Here, it happened again, almost as suddenly as it happened to “that honest brigade” of the Decameron, we find ourselves closed at home, safe from the disease, and committed to inventing a way to manage time and learn from this moment too .
Not being able to take a plane, a train or a car to discover distant cities and cultures, not being able to attend school, we travel with a book.
A book has the power to evoke spaces and cities, take us around the world, discover places, stories and culture.
Do you want to get to know Florence and the Florentines better? Here are some reading suggestions.
Let’s start with the classics, stories written by two great Florentine writers: Palazzeschi and Pratolini.
THE GREAT FLORENTINE WRITERS
Aldo Palazzeschi with his Sorelle Materassi tells the story of four women, including three sisters, in the Florentine suburb between Coverciano and Settignano. Two sisters, the embroiderers Carolina and Teresa Materassi, elderly spinsters who lead a gray and sad existence, in the company of the third sister Giselda and the servant Niobe. Boredom is interrupted by the arrival of the young Remo who …
Metello, a historical novel by Vasco Pratolini, follows the story of a popular hero over the span of time from 1875 to 1902, perhaps the most difficult and complex period in Italian history after the Unification. But also read or reread The Naked Streets, set in the Santa Croce neighborhood in 1932, where everyday life comes to life and the events of a poor neighborhood become the protagonists. Pratolini’s books set in Florence are also to be read Lo Scialo, Chronicles of poor lovers, Family Chronicle.
THE HISTORY OF MEDICI FAMILY
And after two Florentines, Matteo Strukul a Paduan who in 2017 won the Bancarella Award for his historical novel I Medici: a dynasty in power, which traces the history of the Medici family (Cosimo the Elder and his brother Lorenzo), from bankers to Lords of Florence. In addition to them, the figure of Brunelleschi stands out, engaged in the construction of the dome of Santa Maria del Fiore.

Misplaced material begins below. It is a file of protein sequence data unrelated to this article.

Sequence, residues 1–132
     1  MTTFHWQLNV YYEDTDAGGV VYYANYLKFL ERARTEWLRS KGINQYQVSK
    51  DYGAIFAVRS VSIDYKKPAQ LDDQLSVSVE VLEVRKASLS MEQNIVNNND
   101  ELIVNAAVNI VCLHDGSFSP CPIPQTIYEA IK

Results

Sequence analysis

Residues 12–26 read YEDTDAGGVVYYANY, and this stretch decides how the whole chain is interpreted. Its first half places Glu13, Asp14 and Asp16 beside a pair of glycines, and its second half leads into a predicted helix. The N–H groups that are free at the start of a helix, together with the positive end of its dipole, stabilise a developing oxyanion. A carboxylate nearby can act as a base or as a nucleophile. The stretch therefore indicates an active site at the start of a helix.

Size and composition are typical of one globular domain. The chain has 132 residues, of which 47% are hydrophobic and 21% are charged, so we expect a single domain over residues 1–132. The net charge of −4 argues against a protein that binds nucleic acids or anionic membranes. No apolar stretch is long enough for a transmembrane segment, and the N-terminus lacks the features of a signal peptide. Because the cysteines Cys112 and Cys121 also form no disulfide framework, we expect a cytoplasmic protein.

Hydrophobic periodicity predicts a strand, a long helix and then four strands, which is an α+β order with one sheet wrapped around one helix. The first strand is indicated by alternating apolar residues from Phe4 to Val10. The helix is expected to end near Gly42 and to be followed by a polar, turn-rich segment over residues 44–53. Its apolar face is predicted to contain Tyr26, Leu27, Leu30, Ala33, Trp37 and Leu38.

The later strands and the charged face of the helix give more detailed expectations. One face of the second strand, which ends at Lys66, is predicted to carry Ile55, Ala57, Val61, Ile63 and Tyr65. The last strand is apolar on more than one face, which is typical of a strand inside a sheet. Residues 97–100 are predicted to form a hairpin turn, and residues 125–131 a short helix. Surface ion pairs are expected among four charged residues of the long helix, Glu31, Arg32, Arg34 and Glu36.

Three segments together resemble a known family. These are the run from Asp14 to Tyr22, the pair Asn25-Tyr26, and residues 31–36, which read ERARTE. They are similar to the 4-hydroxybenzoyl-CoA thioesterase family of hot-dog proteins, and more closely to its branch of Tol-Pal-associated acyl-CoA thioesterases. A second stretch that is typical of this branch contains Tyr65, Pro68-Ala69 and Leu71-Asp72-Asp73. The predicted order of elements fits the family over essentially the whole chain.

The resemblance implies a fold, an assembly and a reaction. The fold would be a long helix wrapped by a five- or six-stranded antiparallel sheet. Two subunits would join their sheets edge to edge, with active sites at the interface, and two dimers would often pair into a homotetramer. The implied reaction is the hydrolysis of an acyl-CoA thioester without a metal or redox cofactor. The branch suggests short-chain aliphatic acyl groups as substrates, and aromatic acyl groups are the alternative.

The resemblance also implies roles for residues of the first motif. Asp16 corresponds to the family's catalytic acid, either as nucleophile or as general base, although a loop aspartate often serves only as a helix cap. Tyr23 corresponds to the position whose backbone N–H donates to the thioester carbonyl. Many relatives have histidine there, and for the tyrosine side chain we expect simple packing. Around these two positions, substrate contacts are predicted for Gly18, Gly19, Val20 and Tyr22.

How can we forget Edward Morgan Forster’s Room with a View?
Lucy Honeychurch’s vacation in Florence, with her elderly cousin Charlotte, opens her mind to her rigid vision of life imprisoned in the social conventions of her middle class. Lucy finds herself torn between the intensity of life in Italy and the rigid morality of Victorian England. Who will win…?
Beyond novels and history, today there is fantasy, noir.
Dan Brown in his fourth chapter of the saga (Inferno) sends Professor Robert Langdon to Florence to stop a plot that threatens humanity. Here he tries to reveal the secrets of Palazzo Vecchio, Palazzo Pitti and above all the mysteries that Dante Alighieri has hidden in the verses of Hell.
FLORENCE FOR CHILDREN
Last but not least, the children’s books where Florence is the protagonist.
Il Giornalino by Gian Burrasca, is a novel that Vamba (the Journalist Luigi Betelli) wrote straight away, in 1907, recounting in the form of a diary some episodes of the protagonist’s life, studded with hilarious pranks, hysterical scenes of older sisters, angry reactions parents always waiting for the new and unpredictable ideas of their Giannino.
Dig and the Mystery of the Boboli, by Joshua Held. Traveling to Florence, Dig visits the Boboli Gardens where he comes into contact with a strange species of creatures with whom he ventures into the historic center of Florence among museums and monuments. With a surprise arrival at the Science Museum, where …
Pimpa goes to Florence by Altan The famous dog with polka dots guides us around the city with a map and many postcards. Inside, games, riddles, comics and activities to do on the go or at the table.
Artwork Mino Maccari. Detail of book cover “Bestie del 900”, Aldo Palazzeschi